In this blog, Mari Palmer, headteacher of Settrington All Saints’ Church of England Primary School and Director of our North Yorkshire Coast Research School, looks at the lessons learned from a maths transition project – and poses three questions for schools to consider…
What is the best way to tackle mathematics at the primary/secondary transition?
Like many important areas of practice, research evidence offers us a useful, though limited, steer to answer such important questions. Recent research by Prendergast et al. (2019) confirms many of our instincts: there is a lack of continuity and a lack of teacher knowledge about each other’s curriculum. Clearly then, professional dialogue is really valuable
On the basis of this desire for greater professional dialogue at the transition, we started our maths transition project in the North Yorkshire Coast Opportunity Area by working jointly with Years 6 and 7 maths teachers in our area. We conducted joint observations and scrutinised the curriculum together, as well as sharing CPD.
We realised that, while the pastoral care may be strong, the academic transition was often close to non-existent
We have now run two iterations of this programme, with more participants the second time. As part of our post-course evaluation this time, we collected some startling data. We were aware, from personal experience, that there was a gap between many of the primary and secondary schools in the area. But, when we looked at the data, it re-inforced to us the magnitude of the issue.
In our area, as a primary head I would actually say we have reasonably good relationships with our local secondary schools. We send up SATs results, they come out and visit the children in primary, and run quite a series of visits for them over the course of Years 5 and 6.
However, after working with staff around the EEF’s Improving Mathematics in Key Stages 2 and 3 guidance report, we realised that, while the pastoral care may be strong, the academic transition was often close to non-existent, including in our own school.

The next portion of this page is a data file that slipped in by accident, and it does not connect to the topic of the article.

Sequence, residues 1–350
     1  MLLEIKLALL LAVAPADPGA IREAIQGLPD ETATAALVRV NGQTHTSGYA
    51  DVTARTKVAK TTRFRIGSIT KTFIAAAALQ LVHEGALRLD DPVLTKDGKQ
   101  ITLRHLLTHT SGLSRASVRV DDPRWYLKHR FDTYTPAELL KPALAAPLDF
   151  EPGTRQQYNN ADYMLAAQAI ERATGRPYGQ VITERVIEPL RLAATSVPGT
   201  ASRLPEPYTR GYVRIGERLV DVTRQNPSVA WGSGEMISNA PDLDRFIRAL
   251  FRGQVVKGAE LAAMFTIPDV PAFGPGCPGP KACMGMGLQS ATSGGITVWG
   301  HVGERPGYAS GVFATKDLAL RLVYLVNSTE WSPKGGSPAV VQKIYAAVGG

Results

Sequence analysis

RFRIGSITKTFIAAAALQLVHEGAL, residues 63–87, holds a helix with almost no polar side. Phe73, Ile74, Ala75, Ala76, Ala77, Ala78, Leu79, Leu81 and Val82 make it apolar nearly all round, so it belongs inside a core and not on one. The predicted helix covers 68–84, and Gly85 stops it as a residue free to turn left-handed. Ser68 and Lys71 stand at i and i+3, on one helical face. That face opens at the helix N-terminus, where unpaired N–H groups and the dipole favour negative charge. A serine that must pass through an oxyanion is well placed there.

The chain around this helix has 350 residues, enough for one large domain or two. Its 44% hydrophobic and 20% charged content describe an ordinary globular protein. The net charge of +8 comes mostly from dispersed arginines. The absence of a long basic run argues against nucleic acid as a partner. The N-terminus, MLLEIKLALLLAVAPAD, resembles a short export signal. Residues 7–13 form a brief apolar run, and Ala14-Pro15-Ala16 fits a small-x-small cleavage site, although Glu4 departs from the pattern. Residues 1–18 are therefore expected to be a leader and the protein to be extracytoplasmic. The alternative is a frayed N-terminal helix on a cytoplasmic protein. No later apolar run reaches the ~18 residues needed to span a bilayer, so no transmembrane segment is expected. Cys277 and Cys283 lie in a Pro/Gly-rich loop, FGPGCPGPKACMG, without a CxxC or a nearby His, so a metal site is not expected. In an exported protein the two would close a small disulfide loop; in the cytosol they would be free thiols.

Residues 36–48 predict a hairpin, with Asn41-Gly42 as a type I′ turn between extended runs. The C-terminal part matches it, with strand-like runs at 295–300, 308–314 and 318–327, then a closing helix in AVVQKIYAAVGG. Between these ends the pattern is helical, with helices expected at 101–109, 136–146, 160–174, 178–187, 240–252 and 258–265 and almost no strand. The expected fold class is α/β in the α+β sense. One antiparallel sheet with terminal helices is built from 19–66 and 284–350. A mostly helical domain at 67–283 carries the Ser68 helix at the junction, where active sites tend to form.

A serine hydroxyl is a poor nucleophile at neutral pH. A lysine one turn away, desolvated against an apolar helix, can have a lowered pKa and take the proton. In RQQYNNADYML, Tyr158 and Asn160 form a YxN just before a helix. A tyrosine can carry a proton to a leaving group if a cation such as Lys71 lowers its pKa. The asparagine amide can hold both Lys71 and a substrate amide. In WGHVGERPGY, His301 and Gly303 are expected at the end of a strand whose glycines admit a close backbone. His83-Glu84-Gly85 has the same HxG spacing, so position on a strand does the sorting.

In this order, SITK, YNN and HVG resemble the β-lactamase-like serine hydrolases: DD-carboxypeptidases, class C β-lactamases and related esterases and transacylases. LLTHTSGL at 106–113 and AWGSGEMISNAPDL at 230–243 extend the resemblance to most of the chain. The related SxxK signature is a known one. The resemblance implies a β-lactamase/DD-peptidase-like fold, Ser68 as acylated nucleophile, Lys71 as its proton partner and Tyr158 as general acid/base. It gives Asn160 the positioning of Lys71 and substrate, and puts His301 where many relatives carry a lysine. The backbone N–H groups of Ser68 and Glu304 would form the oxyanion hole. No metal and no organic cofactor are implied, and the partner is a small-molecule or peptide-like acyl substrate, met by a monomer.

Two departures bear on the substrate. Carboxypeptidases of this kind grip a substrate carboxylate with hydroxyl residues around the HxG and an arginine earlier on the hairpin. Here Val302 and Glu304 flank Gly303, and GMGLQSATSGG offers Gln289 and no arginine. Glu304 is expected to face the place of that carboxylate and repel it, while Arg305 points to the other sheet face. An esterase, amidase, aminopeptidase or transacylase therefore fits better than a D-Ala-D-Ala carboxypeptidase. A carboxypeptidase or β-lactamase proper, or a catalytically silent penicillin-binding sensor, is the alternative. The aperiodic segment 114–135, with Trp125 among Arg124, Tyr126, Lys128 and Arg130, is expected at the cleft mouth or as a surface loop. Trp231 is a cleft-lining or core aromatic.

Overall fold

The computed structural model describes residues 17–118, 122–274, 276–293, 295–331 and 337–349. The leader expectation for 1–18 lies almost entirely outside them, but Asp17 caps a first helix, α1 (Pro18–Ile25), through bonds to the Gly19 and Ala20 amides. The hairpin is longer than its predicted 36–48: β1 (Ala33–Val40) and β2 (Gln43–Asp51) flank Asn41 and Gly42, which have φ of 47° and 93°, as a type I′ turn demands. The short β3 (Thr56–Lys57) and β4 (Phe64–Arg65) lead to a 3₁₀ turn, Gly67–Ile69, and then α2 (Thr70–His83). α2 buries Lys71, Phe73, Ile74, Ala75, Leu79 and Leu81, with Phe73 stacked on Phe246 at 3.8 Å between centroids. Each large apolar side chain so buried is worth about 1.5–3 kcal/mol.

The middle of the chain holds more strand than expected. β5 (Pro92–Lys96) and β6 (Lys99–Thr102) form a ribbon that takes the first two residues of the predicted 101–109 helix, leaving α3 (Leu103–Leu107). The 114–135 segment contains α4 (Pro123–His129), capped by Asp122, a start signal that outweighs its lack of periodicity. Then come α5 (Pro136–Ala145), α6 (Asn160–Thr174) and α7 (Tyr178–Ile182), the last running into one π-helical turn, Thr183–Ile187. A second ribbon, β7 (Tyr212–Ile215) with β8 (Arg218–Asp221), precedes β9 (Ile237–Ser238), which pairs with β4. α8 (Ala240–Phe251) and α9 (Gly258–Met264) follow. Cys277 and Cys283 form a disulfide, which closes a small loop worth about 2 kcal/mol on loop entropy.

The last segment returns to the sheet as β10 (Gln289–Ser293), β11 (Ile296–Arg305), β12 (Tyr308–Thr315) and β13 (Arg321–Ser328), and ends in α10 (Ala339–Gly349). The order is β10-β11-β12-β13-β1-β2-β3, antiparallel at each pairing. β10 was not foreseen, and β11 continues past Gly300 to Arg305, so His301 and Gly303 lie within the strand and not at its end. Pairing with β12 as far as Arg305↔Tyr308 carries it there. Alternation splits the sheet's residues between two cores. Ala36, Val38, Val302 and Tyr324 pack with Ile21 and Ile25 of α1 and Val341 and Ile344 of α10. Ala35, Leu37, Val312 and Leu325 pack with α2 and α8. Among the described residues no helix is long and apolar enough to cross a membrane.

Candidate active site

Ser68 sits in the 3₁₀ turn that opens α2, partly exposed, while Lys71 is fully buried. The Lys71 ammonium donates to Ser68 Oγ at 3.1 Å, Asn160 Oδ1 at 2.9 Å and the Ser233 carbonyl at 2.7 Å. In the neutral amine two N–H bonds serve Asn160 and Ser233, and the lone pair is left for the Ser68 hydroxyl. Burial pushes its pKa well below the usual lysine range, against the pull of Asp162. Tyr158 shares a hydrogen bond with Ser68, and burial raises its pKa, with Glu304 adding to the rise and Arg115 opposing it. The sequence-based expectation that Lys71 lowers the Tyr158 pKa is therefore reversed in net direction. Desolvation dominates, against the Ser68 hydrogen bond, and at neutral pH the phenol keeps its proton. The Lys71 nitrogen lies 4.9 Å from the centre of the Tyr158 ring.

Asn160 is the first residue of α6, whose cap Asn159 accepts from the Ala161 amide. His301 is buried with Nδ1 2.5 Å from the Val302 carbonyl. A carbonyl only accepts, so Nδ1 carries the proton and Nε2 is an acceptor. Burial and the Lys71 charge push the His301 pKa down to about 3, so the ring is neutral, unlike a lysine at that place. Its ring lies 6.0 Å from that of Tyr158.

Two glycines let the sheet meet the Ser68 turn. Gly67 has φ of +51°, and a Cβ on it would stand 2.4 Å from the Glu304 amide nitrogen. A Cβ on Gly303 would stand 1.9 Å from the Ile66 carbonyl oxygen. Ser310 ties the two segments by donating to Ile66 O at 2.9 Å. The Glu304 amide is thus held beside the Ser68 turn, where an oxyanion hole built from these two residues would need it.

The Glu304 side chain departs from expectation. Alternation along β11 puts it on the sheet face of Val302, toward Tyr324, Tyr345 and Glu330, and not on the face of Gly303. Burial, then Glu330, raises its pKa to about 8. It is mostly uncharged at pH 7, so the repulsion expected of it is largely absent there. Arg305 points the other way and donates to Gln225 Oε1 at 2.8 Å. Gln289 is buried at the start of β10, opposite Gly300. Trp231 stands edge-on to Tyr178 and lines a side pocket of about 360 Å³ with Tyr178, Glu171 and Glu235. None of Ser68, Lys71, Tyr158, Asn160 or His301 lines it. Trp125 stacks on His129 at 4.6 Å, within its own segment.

When we started working with the two local secondary schools which we feed to, I had not even met any of the four maths teachers involved, let alone discussed the transition of our children! In addition to this, most of the secondary teachers involved had not met each other before.
The staff had a chance to work together for three central get-togethers, and then two more half-days of observations in schools, at the end of which we collected an evaluation from the teachers involved
The results included findings such as the following… Prior to the project starting, in the last three years:
- 58% of staff had not been in a classroom from the other Key Stage;
- 58% of staff had not observed a maths lesson from the other Key Stage;
- 52% had not spoken with a maths teacher from the other Key Stage;
- 52% had not seen the curriculum from the other Key Stage;
- 79% had not worked together on a project with staff from another Key Stage; and
- 86% had not shared CPD together.
As a result of the project:
- 100% of the teachers involved said they are beginning or managing to align their teaching between the Key Stages in some way;
- 100% are beginning to develop a coherent academic plan between the Key Stages and 86% have begun introducing this;
- 93% have begun to develop a more coherently planned curriculum and 72% have begun introducing this to the pupils;
- 100% have considered a progression in skills; and
- 100% of participants met members of staff they didn’t previously know.
Sometimes statistics plainly speak for themselves!
It can be the coordination of timely profession dialogue at the academic transition that makes small but significant changes to teacher practice
Aside from these stats, the links that were made which led to further developments were also great…
- A primary school in one cluster is delivering training around manipulatives to a secondary in another cluster.
- One secondary has rewritten its Key Stage 3 curriculum in light of what it saw in the Key Stage 2 classrooms.
- And some KS2 schools have reintroduced calculator lessons to help pupils prepare for secondaries.
- Finally, I also discovered KS3 teachers thought I taught children how to use a compass and a calculator. I didn’t… but I do now!
It can be the coordination of timely profession dialogue at the academic transition that makes small but significant changes to teacher practice and the curriculum just like this, so that our pupils’ make the leap with the mathematics academic transition.
We should ask ourselves:
- How much attention are we paying to the academic transition given the challenge can be pronounced in mathematics?
- As we pay attention to curriculum development, how do we ensure continuity and progression across phases and key stages?
- How can we find windows of time in the busy term to ensure professional dialogue within and across phases?
And, to re-iterate, I recommend taking a look at the EEF’s Improving Mathematics in Key Stages 2 and 3 guidance report – as well as its supporting implementation resource, the RAG self-assessment guide (pdf) – to develop your work at the transition.